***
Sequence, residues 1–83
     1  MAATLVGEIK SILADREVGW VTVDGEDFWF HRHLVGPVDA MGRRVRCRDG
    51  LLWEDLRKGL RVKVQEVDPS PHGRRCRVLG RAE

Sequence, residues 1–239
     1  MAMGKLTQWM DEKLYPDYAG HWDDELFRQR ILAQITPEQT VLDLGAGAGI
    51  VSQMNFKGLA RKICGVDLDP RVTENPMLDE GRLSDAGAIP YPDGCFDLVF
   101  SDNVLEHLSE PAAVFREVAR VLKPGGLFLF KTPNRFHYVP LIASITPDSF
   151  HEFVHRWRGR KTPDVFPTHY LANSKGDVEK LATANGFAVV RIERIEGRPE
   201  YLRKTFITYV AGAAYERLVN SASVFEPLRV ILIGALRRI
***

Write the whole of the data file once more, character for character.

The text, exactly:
Sequence, residues 1–83
     1  MAATLVGEIK SILADREVGW VTVDGEDFWF HRHLVGPVDA MGRRVRCRDG
    51  LLWEDLRKGL RVKVQEVDPS PHGRRCRVLG RAE

Sequence, residues 1–239
     1  MAMGKLTQWM DEKLYPDYAG HWDDELFRQR ILAQITPEQT VLDLGAGAGI
    51  VSQMNFKGLA RKICGVDLDP RVTENPMLDE GRLSDAGAIP YPDGCFDLVF
   101  SDNVLEHLSE PAAVFREVAR VLKPGGLFLF KTPNRFHYVP LIASITPDSF
   151  HEFVHRWRGR KTPDVFPTHY LANSKGDVEK LATANGFAVV RIERIEGRPE
   201  YLRKTFITYV AGAAYERLVN SASVFEPLRV ILIGALRRI